Mosquitoes Love Carbon Dioxide and Sweat in Lakeland
Do mosquitoes really sense your breath? Absolutely they do. Carbon dioxide, which humans and other animals produce, is the key signal that a mosquitoes potential blood meal is near. Mosquitoes can detect carbon dioxide from as far as 75 feet away. Mosquitoes have developed a keen sensitivity to carbon dioxide in the air. Once a female senses carbon dioxide in its vicinity, she flies back and forth in a zigzag pattern through the carbon dioxide plume until she locates her victim. Mosquitoes detect carbon dioxide in the air, so the more you breath, the more likely you are to become her dinner.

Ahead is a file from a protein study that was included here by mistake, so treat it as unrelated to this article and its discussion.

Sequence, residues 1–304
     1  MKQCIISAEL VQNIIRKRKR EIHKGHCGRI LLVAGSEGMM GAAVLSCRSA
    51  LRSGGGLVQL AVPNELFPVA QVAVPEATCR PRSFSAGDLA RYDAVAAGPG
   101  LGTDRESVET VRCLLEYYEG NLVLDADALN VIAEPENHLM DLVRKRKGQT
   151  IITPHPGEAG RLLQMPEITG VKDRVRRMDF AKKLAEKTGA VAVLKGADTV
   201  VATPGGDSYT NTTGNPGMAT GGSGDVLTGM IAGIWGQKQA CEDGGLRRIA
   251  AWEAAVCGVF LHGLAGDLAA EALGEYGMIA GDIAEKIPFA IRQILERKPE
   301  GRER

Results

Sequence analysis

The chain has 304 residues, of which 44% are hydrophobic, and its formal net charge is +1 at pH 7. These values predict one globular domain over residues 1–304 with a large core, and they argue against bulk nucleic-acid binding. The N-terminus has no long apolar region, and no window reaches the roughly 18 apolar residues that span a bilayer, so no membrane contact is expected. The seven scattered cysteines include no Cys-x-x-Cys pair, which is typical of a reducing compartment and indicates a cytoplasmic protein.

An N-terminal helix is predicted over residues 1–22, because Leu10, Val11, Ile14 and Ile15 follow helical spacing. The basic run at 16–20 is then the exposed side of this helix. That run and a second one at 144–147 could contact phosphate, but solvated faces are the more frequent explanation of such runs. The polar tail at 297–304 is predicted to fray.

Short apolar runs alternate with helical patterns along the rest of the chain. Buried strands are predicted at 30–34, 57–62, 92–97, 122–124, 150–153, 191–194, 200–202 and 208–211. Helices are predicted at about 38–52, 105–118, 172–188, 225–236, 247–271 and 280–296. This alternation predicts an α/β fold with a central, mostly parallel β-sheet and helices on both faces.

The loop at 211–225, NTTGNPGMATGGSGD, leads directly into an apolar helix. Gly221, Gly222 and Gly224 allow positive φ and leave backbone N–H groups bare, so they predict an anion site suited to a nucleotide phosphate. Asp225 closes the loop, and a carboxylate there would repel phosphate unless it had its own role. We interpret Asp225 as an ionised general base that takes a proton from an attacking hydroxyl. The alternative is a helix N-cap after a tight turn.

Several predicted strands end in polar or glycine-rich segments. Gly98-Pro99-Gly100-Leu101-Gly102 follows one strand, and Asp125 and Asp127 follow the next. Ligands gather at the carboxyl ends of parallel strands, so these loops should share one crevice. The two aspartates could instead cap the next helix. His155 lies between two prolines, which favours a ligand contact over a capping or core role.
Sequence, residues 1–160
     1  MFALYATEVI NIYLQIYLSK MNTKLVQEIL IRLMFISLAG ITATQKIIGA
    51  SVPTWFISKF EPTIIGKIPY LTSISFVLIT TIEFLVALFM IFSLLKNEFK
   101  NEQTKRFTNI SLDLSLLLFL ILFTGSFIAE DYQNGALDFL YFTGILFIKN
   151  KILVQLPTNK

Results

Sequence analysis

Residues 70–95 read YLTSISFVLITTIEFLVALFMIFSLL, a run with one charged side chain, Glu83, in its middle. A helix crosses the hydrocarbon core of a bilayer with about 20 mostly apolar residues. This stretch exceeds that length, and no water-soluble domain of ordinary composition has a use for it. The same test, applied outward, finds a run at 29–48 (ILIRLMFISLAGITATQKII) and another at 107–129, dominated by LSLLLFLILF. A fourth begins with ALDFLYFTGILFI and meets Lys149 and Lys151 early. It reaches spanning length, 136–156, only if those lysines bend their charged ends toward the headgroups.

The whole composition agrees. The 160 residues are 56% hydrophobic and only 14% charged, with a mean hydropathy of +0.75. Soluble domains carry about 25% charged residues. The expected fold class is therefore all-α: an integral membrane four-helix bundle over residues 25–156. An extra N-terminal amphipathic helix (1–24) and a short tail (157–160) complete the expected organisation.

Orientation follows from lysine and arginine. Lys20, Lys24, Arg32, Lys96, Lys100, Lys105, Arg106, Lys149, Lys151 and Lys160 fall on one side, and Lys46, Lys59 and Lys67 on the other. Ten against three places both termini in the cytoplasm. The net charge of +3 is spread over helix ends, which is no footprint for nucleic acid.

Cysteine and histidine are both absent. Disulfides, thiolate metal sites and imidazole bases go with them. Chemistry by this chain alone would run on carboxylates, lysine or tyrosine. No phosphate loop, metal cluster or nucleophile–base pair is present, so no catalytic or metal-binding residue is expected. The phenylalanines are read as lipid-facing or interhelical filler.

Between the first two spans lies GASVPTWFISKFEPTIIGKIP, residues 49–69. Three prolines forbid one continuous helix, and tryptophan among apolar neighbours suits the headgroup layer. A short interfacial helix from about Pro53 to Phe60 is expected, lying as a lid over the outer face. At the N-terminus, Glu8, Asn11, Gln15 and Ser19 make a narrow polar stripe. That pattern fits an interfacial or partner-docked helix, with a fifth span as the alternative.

Don't skip that shower, because mosquitoes can smell your sweat too. That's right; bring on the B.O. , the more you smell the easier it is for a bloodsucking mosquito to find you. Drop that deodorant, skip the bar of soap and get ready to start slapping skeeters. Perspiration is the perfect combination of mosquito attractant. Head outdoors on a hot, sticky, summer evening, and work up a sweat. The mosquitoes will thank you. The more you sweat, the easier it is for a mosquito to find you because they are drawn to the smell of the lactic acid as you perspire.